21 May 2014

God in our Real Life

by Frank Turk

Well.  Hello.

This is not the end of my hiatus.  It's sort of an update.

This last weekend, I was tasked to teach in Adult Equipping Hour from Jeremiah 25.  In doing that, I was tasked to talk about the Wrath of God.  You can hear the results in the link above.  Apologies to DJP for switching in that lesson between "Jehovah" and "Yahweh" when the text said "LORD;" you know that I know your preference there, and since I agree with it I reverted to form as the lesson unfolded.  I also apologize for butchering the names in 2 Cr 34.

However, it occurred to me in writing that lesson and thinking about it after teaching it, that if God is who He is, we have to deal with the wrath of God in our real life as Christians in a way more than affirming it as a theological category.

Is there still something called "the Wrath of God" evident in the world?

What does it have to do with people in general, but especially for those of us who are believers in YHVH and therefore in Jesus?

Do we diminish Grace at all by admitting that there is a wrath of God which ought to be respected and feared?

Can we make any sense at all out of Grace if the wrath of God is not in our vocabulary?

Why ask these questions today?

Discuss as you see fit.


Vinod Anand S said...

This is a very good question Frank. I haven't thought about this. Thank you for bringing this up.

Wrath of God reminds us who God is and reminds us His awesomeness, power, anger & intolerance towards sin and righteousness. Wrath of God enables us to appreciate Jesus's love and sacrificial death for us. It reminds us that we are still in this sinful world and we are not yet made perfect. It shouts to the entire world that He is the ruler of the entire universe (Recent Tsunamis). Without wrath of God, there is no need of salvation. Without wrath of God, there is no need to worship God. Without wrath of God, there is no need for the heaven. So the entire salvation process scripted in the Bible becomes a waste and an unnecessary one.

Mark Hanson said...

Clearly Abraham Lincoln a century and a half ago thought that God's wrath was clearly seen (against both sides) in the Civil War, and most since then have not dared to doubt him.

But in the absence of prophets, who announce God's specific wrath in advance, we can generally only see it in retrospect. Even then, it is not usually unambiguous or easy to see in the short term.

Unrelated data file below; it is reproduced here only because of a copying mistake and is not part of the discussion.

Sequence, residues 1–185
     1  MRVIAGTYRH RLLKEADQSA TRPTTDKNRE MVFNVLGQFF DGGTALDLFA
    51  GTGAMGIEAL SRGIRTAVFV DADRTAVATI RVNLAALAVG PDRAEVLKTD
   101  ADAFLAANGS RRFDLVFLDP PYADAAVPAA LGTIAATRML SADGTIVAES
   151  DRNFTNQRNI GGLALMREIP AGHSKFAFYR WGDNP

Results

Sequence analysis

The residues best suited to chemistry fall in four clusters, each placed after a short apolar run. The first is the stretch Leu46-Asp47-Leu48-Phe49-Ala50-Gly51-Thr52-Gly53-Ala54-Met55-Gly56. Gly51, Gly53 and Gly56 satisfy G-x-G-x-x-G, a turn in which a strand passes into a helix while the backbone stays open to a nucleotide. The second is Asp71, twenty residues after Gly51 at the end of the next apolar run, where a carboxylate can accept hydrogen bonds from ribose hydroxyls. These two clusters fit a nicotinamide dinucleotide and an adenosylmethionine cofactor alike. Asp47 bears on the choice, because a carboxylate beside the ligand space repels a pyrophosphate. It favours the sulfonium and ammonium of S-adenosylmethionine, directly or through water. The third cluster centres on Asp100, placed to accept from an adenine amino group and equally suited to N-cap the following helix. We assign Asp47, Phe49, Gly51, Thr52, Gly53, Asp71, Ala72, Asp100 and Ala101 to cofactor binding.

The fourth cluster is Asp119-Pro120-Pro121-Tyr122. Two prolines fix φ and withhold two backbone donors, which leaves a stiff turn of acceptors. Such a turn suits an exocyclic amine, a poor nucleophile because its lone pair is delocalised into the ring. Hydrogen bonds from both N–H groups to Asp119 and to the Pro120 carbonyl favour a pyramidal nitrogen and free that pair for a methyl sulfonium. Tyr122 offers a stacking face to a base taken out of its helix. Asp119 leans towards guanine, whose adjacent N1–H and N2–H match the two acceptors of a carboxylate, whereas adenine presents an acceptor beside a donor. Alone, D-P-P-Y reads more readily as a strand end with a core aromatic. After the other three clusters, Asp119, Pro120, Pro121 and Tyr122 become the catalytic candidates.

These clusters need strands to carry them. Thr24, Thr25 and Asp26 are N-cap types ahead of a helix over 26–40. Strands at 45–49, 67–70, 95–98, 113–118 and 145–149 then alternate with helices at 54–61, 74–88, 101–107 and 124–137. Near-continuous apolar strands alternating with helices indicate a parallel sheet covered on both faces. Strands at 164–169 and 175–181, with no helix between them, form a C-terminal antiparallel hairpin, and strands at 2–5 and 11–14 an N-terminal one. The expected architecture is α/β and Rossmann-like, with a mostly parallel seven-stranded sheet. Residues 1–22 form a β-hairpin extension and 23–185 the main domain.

But if there is common grace, there is also such a thing as common wrath - the determination of God that sin shall not succeed in the long run.

So in something like the fall of Communism, we like to see God's hand, but it is difficult to determine from this vantage whether it was a specific judgment or a simple application of His common wrath ("the way he made the world and the people in it").

Webster Hunt said...

I thought about Romans 1 to answer your question about God's wrath evident in the world - where God progressively gives men over to their chosen sin. So thinking that way, the increasing worship of the creation worked out in the number of sexual deviations that are crying out to be called "good and right" seems to be a revelation of God's wrath against man, as He allows him to increase in his sin.

But even at the same time that He's giving man over to their sin, He gives them life, and breath, and food, and many have families that love them, jobs that pay the bills, so it's a paradox how at the same time His wrath is revealed in that way, He exercises a kind of goodness and grace toward them practically.

Knowing that God has not poured His wrath on His people even that way, a way which - for an unregenerate heart - looks more like a blessing than a curse, but has instead said "Be holy, as I am holy", and then has made us what we couldn't make ourselves is amazing! And how could it ever diminish grace to know that God would be perfectly right and good to have given us all the sin we ever wanted and then punished us in hell afterward, but has instead punished His perfect Christ to the full measure? Shouldn't it produce praise and worship and fear instead?

And because Jesus bore the wrath of God in our place when He became our sin bearer, there is no way we can understand grace without wrath, we can't have grace without it! Grace is God giving sinners a righteousness they do not deserve. Why do we not deserve it? Isn't it because we love sin instead? And since sin is the violation of God's own righteousness, what's the penalty for that? If it's not His wrath, then why in the world was Christ crucified? If He's not substituting Himself as my ransom, if He's not there on the cross bearing my guilt and my due punishment, then Christ's death was a futile exercise. It's a propitiation - a taking away of wrath, a real wrath that was on my head that was working out in real time before in that same real time that God made me alive again.